Cover image: International Day for Street Children

International Day for Street Children

Taking place on 12th April every year.

Giving a voice to street children so their rights cannot be ignored.

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Updated 2 years ago

About the event

The International Day for Street Children was launched on 12th April 2011. It aims to raise awareness of the millions of street children all around the world and support the vital recognition of their rights. All countries (except the US) ratified the United Nations Convention on the Rights of the Child and have a legal obligation to work towards ensuring that all children's rights are integrated into national law. However, the rights of street children are often overlooked.

The Consortium for Street Children (CSC) suggests 4 ‘steps to equality’ that we should make to support street children:

  1. Commit to Equality
  2. Protect Every Child
  3. Provide Access to Services
  4. Create Specialised Solutions

How to approach it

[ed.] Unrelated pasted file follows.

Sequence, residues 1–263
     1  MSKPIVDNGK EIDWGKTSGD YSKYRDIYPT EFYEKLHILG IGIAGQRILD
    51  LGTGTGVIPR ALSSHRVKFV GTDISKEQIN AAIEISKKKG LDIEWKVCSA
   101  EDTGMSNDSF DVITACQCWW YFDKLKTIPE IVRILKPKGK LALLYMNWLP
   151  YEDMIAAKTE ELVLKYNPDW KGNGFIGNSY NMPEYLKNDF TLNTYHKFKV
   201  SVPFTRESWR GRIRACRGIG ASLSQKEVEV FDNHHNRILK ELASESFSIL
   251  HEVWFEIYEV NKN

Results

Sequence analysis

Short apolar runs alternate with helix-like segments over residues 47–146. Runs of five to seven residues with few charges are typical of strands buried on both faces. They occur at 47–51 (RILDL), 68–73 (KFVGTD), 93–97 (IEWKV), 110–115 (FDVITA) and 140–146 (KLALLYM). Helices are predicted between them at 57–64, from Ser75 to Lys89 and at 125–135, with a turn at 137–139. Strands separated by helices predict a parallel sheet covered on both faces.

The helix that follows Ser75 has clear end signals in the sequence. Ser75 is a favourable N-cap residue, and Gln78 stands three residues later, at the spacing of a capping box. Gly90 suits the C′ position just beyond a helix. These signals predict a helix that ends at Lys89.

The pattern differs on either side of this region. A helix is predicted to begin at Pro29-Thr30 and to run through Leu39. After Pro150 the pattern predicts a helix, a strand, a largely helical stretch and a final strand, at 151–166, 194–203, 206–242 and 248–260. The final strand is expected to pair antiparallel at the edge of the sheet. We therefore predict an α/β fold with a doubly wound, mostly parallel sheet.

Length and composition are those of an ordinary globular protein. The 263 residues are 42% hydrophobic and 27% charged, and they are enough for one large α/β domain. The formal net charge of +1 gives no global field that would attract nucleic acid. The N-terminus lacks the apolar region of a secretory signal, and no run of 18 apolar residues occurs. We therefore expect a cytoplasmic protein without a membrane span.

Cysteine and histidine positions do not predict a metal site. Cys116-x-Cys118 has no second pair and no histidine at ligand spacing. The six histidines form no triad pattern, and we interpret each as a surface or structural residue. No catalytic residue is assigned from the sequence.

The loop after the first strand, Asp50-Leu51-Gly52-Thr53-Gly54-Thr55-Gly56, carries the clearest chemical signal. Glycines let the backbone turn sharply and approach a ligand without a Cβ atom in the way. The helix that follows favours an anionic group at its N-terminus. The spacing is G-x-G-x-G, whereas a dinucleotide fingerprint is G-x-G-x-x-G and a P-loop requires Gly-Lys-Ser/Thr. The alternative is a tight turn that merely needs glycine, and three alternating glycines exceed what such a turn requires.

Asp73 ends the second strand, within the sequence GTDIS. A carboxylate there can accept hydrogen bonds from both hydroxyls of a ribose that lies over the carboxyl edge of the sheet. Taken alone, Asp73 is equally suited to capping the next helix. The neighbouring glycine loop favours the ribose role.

Help students understand what street children are, why they often go unprotected and what needs to be done about it. Street children are vulnerable children whose lives are inextricably connected with the street. They may live on the street or rely on them for survival such as through begging. Being in their situation often means local and national authorities cannot keep track of them or can safely ignore them without consequence. As CSC notes these children should have access to the same services, care and protection that every other child receives. Encourage empathy for these children with your students. Ask them to put themselves in a street child’s shoes. What would it be like to have no address or to not go to school? If you were in that situation how would you like to be treated, what help would you like to receive?

Conversation starter

Street children are children just like you that have found themselves in difficult circumstances. Often they have no home to go to, or have to beg to make money. Governments don’t seem to treat them with the same care as children like you with homes. Why do you think that is? How do you think we could make these children’s lives better?